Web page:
AI: Computers Vs Humans (But Not in the Way You Would Expect)

Li Yen Ho

Tesla’s self-driving cars and GPT-3’s natural language processing (NLP) have showcased the prowess of AI, bringing us that much closer to the dream (or nightmare) of computers helping the world (or running the world). Despite this, it’s important to remember the limits of this technology and therefore the precautions we must take to shield against a wide variety of dangers AI pose.

It is easy to give AI too much credit for what they do considering all we hear about their achievement. It is also easy to forget that no matter how complex the system is, the results are entirely dependent on their sample data. AI lacks creativity and can only mimic its source. For example, image recognition software does not know what is in the picture, only that some pictures with some similarities are regarded as the same. At best, AI’s misunderstandings can be the AI accidentally focusing on the referee’s bald head (video). 

However, at worst, AI can prevent people from getting the medical treatment they need due to long term effects of systemic racism the AI quite obviously was not aware of (for more information). Another report details the AI’s decisions in the stock market that cost a person millions of dollars (for more information).

Despite these accounts, it is important to remember that artificial intelligence holds no ill intent. Simply put, the technology isn’t advanced nor intelligent enough to have any moral intent. AI optimizes its algorithm to find patterns in the sample data to return the result that matches the answers, no more no less, and this is where the ethical dilemma really begins.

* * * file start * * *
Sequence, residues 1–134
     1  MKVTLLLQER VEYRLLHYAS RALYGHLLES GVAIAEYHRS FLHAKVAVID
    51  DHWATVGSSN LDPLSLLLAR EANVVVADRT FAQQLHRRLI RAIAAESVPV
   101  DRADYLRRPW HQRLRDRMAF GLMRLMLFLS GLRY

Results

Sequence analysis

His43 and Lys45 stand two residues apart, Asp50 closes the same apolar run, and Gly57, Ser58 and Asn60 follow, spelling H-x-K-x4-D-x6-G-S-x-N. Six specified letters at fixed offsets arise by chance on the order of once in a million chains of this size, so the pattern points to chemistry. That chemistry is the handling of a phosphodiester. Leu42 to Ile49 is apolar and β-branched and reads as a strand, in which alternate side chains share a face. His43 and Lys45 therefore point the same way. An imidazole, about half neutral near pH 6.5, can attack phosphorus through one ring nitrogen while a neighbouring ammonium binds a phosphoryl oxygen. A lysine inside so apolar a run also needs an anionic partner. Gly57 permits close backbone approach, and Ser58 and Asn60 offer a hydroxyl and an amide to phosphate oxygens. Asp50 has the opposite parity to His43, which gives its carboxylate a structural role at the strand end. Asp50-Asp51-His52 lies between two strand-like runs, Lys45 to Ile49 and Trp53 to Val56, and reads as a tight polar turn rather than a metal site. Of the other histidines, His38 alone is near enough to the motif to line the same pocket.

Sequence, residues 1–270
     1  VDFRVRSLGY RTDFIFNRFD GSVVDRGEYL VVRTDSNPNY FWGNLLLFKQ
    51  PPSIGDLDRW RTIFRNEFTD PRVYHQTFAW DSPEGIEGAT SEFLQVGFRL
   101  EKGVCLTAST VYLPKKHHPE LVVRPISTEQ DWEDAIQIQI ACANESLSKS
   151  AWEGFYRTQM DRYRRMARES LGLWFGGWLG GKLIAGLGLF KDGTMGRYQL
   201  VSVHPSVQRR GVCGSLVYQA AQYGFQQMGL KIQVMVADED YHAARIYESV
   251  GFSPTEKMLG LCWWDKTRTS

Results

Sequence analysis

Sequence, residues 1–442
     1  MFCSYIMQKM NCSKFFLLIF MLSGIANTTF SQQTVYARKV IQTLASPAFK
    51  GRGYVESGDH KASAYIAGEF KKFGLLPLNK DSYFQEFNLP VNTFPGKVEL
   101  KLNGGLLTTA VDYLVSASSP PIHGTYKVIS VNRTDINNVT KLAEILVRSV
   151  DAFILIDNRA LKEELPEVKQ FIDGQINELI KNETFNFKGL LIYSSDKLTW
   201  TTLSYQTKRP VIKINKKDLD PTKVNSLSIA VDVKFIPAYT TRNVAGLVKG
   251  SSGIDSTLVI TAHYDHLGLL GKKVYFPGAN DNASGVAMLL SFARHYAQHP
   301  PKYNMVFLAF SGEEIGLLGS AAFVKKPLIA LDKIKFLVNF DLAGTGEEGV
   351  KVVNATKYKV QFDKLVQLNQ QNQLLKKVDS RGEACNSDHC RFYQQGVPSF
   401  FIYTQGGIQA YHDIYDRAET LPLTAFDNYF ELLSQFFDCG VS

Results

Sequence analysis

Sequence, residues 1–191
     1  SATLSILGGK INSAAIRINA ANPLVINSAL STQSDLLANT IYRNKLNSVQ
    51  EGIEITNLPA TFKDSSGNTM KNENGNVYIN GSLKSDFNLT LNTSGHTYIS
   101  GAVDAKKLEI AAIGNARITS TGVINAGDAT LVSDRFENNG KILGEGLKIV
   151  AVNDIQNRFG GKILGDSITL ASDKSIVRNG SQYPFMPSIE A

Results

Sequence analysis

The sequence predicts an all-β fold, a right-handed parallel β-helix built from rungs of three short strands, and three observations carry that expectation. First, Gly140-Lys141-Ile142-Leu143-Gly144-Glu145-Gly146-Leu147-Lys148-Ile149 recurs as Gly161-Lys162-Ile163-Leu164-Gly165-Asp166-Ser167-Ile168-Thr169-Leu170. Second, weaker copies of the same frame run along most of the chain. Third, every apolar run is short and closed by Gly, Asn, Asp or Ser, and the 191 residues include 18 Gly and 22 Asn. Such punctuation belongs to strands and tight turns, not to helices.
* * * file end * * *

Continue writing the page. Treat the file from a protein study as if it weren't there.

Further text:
AI is notorious for picking out small details that evade humans. From the angle of the image to the background of the shot to noise in the image itself, AI has been compared to a toddler that scientists must keep a close eye on, one that sees the world in a fundamentally different way than humans This is combined with the fact that some AIs are black boxes, meaning that it is literally impossible to find out what patterns they see and how they come to their decisions (think of the Youtube algorithm).

As a result, the first reason makes bias prevalent in AI while the second makes it difficult to solve. One famous example of this is Google Translate’s fight against gender bias, where Google’s natural languaging process associates words like “nurse,” “assistant,” and “beautiful” with feminine pronouns and words like “clever,” “engineer,” and “CEO” with masculine pronouns. Of course, Google’s made great strides to combat bias within its algorithms, but still faces challenges stemming from systemic bias within humans that it is responsible for solving within their technology.

All of this comes to the root of the issue: unpredictability. AI constantly manages to surprise us with results that are very much not what we want, considering factors people do not think of or even notice in their decisions. 

Artificial intelligence continues to amaze us with every new tech article we read and advertisement video we watch, but it is vital that we consider all of its shortcomings to prepare carefully for the decisions it will make. AI technology is improving rapidly but will forever remain a party trick for entertainment if we cannot solve the issues plaguing it.

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